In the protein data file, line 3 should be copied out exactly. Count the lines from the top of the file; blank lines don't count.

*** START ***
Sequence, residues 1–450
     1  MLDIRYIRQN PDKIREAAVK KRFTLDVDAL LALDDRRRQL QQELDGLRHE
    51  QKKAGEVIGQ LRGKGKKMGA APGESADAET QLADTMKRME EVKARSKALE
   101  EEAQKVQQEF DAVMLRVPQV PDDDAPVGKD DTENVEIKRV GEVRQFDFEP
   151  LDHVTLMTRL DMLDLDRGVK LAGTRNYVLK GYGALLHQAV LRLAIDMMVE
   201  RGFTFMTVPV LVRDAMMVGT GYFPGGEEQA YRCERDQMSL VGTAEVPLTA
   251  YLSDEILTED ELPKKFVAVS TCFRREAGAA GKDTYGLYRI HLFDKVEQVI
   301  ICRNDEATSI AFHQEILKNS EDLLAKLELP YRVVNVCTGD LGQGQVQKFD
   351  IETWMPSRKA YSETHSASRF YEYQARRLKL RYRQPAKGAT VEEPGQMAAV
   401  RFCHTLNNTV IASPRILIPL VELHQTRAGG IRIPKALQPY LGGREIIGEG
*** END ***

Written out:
    51  QKKAGEVIGQ LRGKGKKMGA APGESADAET QLADTMKRME EVKARSKALE